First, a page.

The Aegean Journey

May 14, 2018

Delays and Athens

Filed under: Uncategorized — A @ 1:04 am

Whew! Sitting in a cruise ship, drinking an ouzo-based cocktail, while Cuban-flavored pop song covers are played by a live trio in the background, it’s hard to imagine that we were miserably enduring what ended up being a 10.5-hour layover in Heathrow Airport’s Terminal 2. But that’s where we were. Tuesday, our first day of travel, was already going to be long; we knew that. Southwest flight from Columbus to Chicago Midway, then a trip out into the city for lunch and a transfer to O’Hare, Chicago to London overnight, then London to Athens after what was supposed to be a 4.5-hour layover. That journey alone would have been pretty tiring, but we were looking forward to arriving in Athens around 6pm and having a nice Greek dinner somewhere and getting a full night’s sleep before our adventures began.

It did not work out that way.

First off, 4.5 hours is just quite not enough time to realistically to get from Heathrow into the city, actually do something worthwhile, and make it back safely in time for boarding your next flight. Let that be known. So, under our original plan, we understood that that would simply not be an option. So we ate a nice British brunch at a fairly swanky airport restaurant and killed some time on the WiFi and at the duty free shops, and before we knew it, our boarding time was nigh. (Should also bear mentioning that Heathrow is one of those airports that doesn’t announce your flight’s gate until, like, 15 minutes before you’re supposed to be boarding.)

It was about ten minutes before we were supposed to board, however, when the airline announced that there were “mechanical issues” and our flight would now be departing at 5:40p.m. A delay of roughly five hours. We were instructed to go to a certain desk to get our new boarding passes and vouchers for food, and by the time that was finished, one of those five hours had passed. Four hours left til our flight, so still not just enough time to visit the city.

We sat around again, drank coffee, etc. Then we found the flight has been delayed even further, departing around 6:30. But by this time, we’d already killed another hour, so were yet again cut down to about that dreaded 4-hour mark. Had we known even from the point that they initially delayed our flight that it had been delayed that long, we might have had a shot at a visit to London! But… we didn’t. So so so frustrating.

And, of course, it was frustrating getting into Athens that much later than we’d hoped. Our one full day in Athens was already scheduled to be long and very full of exciting tourist opportunities, so tackling it after an overnight transatlantic flight with not enough sleep and then a night of very little sleep after a significantly delayed flight… Well, it was challenging.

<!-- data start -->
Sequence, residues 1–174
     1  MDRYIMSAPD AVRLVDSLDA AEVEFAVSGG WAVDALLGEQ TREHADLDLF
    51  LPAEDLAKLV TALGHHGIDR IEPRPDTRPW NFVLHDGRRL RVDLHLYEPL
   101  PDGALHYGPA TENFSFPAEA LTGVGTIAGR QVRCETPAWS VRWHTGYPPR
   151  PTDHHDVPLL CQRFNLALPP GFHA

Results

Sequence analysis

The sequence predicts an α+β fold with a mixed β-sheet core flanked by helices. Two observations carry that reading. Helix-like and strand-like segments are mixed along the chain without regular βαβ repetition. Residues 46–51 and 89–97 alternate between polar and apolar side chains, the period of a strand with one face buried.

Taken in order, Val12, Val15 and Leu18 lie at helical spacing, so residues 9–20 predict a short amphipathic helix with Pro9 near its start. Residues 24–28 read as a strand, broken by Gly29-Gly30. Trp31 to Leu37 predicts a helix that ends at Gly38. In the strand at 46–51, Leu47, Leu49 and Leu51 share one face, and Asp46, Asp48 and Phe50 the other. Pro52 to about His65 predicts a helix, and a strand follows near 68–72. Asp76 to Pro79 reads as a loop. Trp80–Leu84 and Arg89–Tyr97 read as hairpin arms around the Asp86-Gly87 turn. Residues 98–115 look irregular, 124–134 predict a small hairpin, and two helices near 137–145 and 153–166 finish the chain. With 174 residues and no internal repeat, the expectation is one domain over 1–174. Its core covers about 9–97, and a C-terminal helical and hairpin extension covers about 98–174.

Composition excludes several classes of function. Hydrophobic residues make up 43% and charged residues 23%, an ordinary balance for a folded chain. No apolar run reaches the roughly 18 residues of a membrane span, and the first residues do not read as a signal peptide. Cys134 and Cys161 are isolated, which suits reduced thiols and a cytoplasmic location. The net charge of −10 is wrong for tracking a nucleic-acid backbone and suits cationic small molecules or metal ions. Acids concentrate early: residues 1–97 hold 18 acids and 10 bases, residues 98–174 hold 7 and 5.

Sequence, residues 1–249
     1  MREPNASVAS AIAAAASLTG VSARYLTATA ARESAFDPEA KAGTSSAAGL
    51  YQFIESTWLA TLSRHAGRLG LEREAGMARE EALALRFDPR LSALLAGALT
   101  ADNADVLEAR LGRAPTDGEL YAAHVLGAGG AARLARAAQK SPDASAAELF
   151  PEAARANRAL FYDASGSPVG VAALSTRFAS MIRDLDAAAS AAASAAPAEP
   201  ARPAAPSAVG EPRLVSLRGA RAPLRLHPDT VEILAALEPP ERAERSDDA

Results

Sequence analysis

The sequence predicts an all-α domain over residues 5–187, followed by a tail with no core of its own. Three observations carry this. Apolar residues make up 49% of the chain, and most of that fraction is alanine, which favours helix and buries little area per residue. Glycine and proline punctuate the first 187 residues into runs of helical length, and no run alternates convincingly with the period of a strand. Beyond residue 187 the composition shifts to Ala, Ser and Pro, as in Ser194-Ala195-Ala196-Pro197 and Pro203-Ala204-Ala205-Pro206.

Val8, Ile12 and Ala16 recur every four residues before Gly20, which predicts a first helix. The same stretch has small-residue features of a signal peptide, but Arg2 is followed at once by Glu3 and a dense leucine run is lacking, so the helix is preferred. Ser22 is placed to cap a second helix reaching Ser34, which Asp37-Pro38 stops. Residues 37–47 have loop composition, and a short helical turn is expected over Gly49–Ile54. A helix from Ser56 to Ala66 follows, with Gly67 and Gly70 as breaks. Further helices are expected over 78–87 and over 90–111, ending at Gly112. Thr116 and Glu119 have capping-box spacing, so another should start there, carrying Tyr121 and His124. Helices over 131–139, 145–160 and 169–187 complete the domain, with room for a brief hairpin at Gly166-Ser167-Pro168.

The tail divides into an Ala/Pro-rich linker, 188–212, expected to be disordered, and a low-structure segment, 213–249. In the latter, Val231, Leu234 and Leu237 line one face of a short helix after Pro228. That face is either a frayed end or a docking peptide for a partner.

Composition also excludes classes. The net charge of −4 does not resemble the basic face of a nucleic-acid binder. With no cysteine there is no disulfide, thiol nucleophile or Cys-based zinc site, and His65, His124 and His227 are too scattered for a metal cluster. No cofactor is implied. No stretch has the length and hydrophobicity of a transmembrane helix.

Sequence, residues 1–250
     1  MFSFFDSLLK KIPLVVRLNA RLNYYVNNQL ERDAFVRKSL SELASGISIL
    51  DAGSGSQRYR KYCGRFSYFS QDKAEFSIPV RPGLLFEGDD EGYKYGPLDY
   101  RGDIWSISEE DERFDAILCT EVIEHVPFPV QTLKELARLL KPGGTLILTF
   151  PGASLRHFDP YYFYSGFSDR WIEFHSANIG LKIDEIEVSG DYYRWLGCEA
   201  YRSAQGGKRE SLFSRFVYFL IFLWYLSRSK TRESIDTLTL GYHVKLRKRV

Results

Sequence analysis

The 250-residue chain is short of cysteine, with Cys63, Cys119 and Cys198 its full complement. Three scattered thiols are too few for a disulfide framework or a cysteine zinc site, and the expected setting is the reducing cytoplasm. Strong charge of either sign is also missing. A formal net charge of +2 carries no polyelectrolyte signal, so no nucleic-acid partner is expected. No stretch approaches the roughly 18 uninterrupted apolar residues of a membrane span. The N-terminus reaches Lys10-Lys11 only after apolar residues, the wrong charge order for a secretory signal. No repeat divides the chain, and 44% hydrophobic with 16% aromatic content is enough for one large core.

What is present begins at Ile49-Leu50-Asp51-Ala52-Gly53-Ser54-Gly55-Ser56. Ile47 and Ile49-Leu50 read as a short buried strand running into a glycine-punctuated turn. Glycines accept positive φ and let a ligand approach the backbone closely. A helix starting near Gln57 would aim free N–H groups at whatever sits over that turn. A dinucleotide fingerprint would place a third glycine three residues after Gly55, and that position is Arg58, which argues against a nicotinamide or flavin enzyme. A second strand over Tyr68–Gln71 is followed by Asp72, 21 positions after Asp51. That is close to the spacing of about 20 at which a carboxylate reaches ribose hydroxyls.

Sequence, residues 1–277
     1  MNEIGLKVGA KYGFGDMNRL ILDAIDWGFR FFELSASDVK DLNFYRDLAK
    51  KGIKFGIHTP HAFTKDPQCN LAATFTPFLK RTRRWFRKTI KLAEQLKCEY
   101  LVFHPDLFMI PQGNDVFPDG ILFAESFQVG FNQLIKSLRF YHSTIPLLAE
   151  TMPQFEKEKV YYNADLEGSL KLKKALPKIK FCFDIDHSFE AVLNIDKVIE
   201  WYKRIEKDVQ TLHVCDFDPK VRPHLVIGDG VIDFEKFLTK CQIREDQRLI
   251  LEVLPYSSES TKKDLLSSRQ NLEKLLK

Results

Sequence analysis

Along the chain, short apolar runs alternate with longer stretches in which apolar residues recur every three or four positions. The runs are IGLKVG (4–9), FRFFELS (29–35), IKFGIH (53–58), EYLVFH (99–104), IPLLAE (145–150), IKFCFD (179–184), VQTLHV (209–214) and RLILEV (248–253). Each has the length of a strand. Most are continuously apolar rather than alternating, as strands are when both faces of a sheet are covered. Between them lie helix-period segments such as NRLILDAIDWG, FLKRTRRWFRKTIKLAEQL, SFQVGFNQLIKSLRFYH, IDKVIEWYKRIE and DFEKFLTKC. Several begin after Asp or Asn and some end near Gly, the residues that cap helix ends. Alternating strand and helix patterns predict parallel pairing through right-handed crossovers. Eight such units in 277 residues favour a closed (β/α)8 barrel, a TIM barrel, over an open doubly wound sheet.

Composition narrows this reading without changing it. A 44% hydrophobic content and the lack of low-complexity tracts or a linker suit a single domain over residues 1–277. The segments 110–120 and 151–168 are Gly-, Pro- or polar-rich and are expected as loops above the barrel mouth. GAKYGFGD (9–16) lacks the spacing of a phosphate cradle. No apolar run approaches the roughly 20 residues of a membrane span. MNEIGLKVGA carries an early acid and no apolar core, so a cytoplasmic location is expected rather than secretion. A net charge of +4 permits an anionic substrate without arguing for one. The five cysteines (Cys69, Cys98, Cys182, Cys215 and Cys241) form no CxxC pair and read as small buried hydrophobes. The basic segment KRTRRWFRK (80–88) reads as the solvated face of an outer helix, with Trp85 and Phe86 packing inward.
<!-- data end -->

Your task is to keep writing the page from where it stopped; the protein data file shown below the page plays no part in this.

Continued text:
But we did it.

Athens is not one those breathtakingly beautiful, idyllic European cities. It’s a modern city, full of cars and ugly buildings and graffiti and tacky shops. Just like any other city. Actually, it was, at one point, the most polluted city in Europe. But, despite all that, it houses some of the most fascinating relics of a time long past. In fact, I think the very fact that those relics are couched in such an otherwise (mostly) unremarkable city gives Athens an extra interesting flavor. It’s like, no matter what, the city can’t escape its millennia-old history. And, I would argue, it probably shouldn’t.

Brandon and I were both most impressed with the ruins of the agora and, of course, the acropolis. Years and years of history and culture absorbed into the marble floors and steps and pillars. It’s really quite impressive. Even with the hoards of tourists, we were able to have a little elbow room and really walk around and enjoy the places.

We also had a great museum visit, where we got to see some really icons of ancient Greek culture. I mean, like, stuff I learned about in art history and Western Civ. Really important pieces. That was cool.

Nestled between museum and ruins, we did a nice walking tour of the heart of the city and got to see some beautiful Greek churches and some really interesting neighborhoods. There’s an area near the acropolis that is a bunch of white houses built into the hillside by a community of people from one of the islands, who were trying to recreate their island architecture in the heart of the city. We’ve since seen some of those styles of building on some Greek islands, but finding that little honeycomb of stone houses in the center of Athens was a really cool break from the bustle of the city.

Our day in Athens ended with a nice dinner in one of the older, quainter (read: “touristy”) neighborhoods. Kind of a haute cuisine take on traditional Greek foods. Brandon enjoyed a squid ink tagliatelle with smoked trout, and I opted for a more pedestrian beef with orzo. We shared a started of sesame-crusted warm feta with fig jam and then a dessert of “deconstructed” traditional orange syrup pie. They had quite an excellent house red wine that was, of course, super cheap and super tasty. We finished the evening at a kitschy bar called Noel. It wasn’t really Christmasy, except for the abundance of Christmas lights inside; in fact, the drinks were all tarot card themed! Anyway, it was a great evening.

Next leg of the trip has been the cruise. That will be in our next post or two!

Comment on this post »

  1. Amy and Brandon. Thanks for the blog. I enjoy reading about you adventures. Look forward to the next one.

    Comment by Mark — May 14, 2018 @ 3:07 pm

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